• contact AFRUCA on tele: 0844 660 8607
    • visit their website at
  • Coram Legal Centre – find out more on their website

Male circumcision

Male circumcision is the surgical removal of the foreskin of the penis. The procedure is usually requested for social, cultural or religious reasons (e.g. by families who practice Judaism or Islam). There are parents who request circumcision for assumed medical benefits.

There is no requirement in law for professionals undertaking male circumcision to be medically trained or to have proven expertise. Traditionally, religious leaders or respected elders may conduct this practice.

Male circumcision that is performed for any reason other than physical clinical need is termed non-therapeutic circumcision.

Doctors are under no obligation to comply with a request to circumcise a child and circumcision is not a service which is provided free of charge. Nevertheless, some doctors and hospitals are willing to provide circumcision without charge rather than risk the procedure being carried out in unhygienic conditions.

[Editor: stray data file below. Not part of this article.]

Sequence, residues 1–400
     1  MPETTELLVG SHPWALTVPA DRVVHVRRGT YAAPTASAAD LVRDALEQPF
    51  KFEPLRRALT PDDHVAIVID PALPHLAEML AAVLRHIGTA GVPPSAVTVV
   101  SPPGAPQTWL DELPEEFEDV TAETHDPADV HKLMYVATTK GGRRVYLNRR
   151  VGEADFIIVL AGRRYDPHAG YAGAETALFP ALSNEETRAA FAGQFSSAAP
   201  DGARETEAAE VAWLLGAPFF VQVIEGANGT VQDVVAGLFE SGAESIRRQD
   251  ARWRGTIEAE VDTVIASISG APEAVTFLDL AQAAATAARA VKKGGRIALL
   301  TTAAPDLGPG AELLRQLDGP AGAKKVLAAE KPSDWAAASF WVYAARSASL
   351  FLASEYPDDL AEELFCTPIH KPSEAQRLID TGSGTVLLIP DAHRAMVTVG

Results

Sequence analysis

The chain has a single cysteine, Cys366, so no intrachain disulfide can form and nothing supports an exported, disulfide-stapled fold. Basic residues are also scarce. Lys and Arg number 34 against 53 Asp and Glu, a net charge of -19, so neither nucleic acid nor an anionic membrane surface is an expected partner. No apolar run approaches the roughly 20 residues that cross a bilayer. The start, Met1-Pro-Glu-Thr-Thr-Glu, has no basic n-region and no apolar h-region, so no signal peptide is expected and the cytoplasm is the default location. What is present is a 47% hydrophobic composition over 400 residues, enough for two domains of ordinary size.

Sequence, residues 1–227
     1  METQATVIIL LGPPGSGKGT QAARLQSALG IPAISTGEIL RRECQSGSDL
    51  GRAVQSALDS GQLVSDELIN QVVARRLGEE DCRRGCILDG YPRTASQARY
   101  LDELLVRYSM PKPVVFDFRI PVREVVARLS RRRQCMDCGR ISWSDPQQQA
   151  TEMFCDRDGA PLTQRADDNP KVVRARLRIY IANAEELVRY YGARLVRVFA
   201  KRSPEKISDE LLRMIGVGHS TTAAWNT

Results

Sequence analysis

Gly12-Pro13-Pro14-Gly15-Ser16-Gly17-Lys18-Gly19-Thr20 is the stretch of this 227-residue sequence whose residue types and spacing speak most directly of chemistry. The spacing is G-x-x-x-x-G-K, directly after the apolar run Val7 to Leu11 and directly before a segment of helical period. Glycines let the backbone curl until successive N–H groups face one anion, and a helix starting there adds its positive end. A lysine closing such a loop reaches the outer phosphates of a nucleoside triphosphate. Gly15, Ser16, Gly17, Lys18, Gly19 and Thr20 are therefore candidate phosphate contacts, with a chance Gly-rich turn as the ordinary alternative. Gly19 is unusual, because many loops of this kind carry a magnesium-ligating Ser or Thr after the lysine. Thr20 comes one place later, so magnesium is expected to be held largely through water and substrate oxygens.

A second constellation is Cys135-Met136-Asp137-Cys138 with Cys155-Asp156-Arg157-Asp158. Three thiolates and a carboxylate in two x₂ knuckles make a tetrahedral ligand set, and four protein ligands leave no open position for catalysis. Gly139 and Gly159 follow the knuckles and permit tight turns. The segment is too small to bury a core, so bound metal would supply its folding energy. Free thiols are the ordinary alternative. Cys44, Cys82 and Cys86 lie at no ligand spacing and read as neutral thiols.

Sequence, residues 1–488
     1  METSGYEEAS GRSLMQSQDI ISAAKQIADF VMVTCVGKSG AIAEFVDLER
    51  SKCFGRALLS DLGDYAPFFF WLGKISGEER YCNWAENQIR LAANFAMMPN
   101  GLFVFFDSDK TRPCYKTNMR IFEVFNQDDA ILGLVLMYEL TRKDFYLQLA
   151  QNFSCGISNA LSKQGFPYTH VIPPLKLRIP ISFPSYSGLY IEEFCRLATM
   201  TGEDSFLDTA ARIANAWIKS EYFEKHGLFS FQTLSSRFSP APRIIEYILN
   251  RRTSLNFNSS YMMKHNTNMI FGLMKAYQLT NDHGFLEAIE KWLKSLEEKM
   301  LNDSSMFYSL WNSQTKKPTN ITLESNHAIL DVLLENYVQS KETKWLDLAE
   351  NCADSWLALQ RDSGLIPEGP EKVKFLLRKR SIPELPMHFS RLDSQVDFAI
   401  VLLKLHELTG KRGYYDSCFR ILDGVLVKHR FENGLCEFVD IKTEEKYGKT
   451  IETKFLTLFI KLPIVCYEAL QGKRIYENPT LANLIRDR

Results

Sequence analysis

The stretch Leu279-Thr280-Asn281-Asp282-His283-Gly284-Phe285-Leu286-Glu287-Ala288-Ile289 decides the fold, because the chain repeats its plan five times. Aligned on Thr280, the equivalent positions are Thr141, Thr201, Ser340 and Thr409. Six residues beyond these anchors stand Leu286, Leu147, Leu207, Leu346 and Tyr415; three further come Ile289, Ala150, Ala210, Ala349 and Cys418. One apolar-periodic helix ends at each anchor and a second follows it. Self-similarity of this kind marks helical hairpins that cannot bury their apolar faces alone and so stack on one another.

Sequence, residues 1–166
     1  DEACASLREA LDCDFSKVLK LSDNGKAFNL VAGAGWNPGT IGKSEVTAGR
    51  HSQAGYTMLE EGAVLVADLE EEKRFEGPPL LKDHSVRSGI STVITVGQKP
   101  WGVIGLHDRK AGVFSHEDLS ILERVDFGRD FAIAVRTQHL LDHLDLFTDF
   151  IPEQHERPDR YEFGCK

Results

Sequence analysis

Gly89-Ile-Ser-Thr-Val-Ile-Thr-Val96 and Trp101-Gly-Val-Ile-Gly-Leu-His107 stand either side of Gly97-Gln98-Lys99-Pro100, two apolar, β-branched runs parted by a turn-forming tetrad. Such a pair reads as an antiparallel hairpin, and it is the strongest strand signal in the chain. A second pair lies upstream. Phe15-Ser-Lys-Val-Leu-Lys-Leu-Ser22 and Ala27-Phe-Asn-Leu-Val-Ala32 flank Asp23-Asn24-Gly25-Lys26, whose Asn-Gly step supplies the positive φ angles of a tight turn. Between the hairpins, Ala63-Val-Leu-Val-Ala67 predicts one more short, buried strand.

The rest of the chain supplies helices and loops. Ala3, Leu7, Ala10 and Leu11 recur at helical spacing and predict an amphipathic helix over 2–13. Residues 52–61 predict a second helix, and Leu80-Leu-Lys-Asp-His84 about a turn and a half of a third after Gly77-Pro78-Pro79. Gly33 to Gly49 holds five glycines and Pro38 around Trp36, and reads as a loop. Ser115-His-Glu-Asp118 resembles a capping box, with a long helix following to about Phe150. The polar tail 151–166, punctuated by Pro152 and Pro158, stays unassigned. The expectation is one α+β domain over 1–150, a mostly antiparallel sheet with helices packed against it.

Poorly performed circumcisions have legal implications for the doctor responsible. In responding to requests to perform male circumcision, doctors should follow the guidance issued by the:

Further information can be found on the NHS website at

Traditional and Folk Practices

Where there are safeguarding concerns around traditional customs and practices it is a good idea understand them in the context of the family’s culture.

Talking to parents or carers to find out what it is they are doing and the reasons for it, can help practitioners to make a more accurate assessment of the situation and prevents misunderstandings.

If there are language difficulties, an interpreter should be brought in; children should never be asked to act as interpreters for their parents; likewise family members for adults.

It is also important to speak to the child or adult to ascertain their views on whether a practice is harmful. It can often be helpful to involve community leaders who will be familiar with individual families and their practices, especially where language may be an issue.

Where disciplinary, traditional or folk practices appear to be overly harsh or harmful, the practitioner should carefully explain the UK law regarding abuse, to the parents or carers and inform them of any course of action that may be taken, if there continues to be safeguarding concerns.